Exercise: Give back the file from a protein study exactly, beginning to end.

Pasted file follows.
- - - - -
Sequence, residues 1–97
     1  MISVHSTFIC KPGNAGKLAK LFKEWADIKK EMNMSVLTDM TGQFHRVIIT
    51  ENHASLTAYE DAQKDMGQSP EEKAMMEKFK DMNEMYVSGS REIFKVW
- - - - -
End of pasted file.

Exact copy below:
Sequence, residues 1–97
     1  MISVHSTFIC KPGNAGKLAK LFKEWADIKK EMNMSVLTDM TGQFHRVIIT
    51  ENHASLTAYE DAQKDMGQSP EEKAMMEKFK DMNEMYVSGS REIFKVW